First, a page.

Psoriasis is a fairly common condition - it is thought that around one in 50 people in the UK have it. Many people know someone with the condition, or have become aware of it due to media coverage of celebrities such as Kim Kardashian, Cara Delevingne, or, for a more mature generation, Dennis Potter. However, in the experience of the Psoriasis Association, many people don't truly understand the complex nature of psoriasis and its associated conditions. To mark Psoriasis Awareness Week, here are a few facts to get you up to speed:
- Psoriasis is not just a skin condition. Faulty signalling processes in the immune systems of people with psoriasis causes them to over-act and produce increased amounts of inflammation, almost as if always fighting an infection or wound. This over-activity causes skin cells to multiply at a much faster rate than normal, which is what we see on the surface of the skin.
- There are various types of psoriasis, and they can all look different. Chronic plaque psoriasis, which is the most common type, is characterised by well-demarcated, raised patches that are pink, red or purple in colour, and often are covered by a build-up of white flakes or crust. It is common to have these 'plaques' on knees, elbows, scalp and lower back, although psoriasis can appear almost anywhere. It may look red and shiny in skin folds and sensitive areas.
- Psoriasis is not curable, but it is treatable. There are a wide variety of treatments available, from topical (applied to skin) creams and ointments, to ultraviolet light therapy, to medicines that are taken as tablets or injections. It can be a process of trial and error to find the right treatment for each individual, and not all treatments are suitable for everybody, but it is important to remember that most people's psoriasis can be managed and improved. Recent research has shown that certain lifestyle changes, such as quitting smoking and maintaining a healthy weight could also improve psoriasis in some cases, and may also help some treatments to work better.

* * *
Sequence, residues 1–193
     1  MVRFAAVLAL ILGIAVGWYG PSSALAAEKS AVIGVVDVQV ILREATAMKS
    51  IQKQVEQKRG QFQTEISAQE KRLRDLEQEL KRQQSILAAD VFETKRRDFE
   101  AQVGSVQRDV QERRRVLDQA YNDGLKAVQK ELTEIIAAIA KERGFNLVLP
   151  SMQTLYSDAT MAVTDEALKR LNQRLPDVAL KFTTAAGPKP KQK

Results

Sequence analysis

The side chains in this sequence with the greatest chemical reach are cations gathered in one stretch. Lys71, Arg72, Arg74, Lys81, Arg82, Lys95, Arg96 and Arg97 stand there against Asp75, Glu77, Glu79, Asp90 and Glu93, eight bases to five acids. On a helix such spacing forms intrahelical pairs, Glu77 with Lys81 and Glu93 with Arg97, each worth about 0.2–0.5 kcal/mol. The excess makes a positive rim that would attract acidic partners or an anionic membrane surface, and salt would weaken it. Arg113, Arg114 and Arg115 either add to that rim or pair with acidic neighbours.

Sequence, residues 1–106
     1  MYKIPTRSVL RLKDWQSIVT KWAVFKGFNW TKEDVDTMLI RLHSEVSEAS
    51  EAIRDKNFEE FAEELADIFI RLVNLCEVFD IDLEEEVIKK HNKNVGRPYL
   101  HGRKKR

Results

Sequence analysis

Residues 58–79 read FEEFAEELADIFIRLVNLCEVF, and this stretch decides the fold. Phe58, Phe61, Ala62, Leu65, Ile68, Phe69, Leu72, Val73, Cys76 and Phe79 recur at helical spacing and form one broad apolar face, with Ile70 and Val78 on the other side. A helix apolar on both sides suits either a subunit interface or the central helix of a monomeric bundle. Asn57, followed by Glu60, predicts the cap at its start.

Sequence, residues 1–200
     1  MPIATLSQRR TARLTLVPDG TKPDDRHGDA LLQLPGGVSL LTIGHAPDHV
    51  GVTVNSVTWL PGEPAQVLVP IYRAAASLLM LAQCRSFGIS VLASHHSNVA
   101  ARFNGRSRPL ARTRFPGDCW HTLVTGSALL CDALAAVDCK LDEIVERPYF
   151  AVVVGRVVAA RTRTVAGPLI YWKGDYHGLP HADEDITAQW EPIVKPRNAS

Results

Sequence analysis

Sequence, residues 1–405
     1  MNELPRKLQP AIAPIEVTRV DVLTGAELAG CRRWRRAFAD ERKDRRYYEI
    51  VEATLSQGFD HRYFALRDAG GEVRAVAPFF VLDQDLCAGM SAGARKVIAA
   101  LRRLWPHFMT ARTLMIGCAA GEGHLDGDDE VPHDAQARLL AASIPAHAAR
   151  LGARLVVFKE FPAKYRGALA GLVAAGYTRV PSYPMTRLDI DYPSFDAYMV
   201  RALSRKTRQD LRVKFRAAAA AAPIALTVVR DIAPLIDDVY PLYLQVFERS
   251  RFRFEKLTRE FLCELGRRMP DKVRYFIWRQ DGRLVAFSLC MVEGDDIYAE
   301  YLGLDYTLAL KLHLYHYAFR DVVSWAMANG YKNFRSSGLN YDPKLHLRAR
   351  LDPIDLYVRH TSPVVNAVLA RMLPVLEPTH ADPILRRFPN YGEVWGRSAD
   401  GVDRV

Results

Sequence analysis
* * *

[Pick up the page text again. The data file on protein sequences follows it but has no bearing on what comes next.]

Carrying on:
- Psoriasis is associated with a type of arthritis - psoriatic arthritis (PsA). It is thought that around a fifth of people with psoriasis will develop this condition, often within the first ten years of psoriasis symptoms. This affects joints and areas where tendons join to bone such as the heels and lower back. The main PsA symptoms include swollen, stiff and tender joints; pain and stiffness that is worse in the morning or with rest; swollen, sausage-like fingers or toes, and nail changes. PsA is manageable and can have a good outlook, providing it is diagnosed early and treated effectively. If left untreated, PsA can cause permanent damage to joints.
This is just a brief overview, but there is plenty of information about psoriasis and psoriatic arthritis available at the Psoriasis Association website.
Psoriasis Awareness Week runs from 1st to the 8th November 2015, and this year focuses on raising awareness of the signs and symptoms of psoriatic arthritis .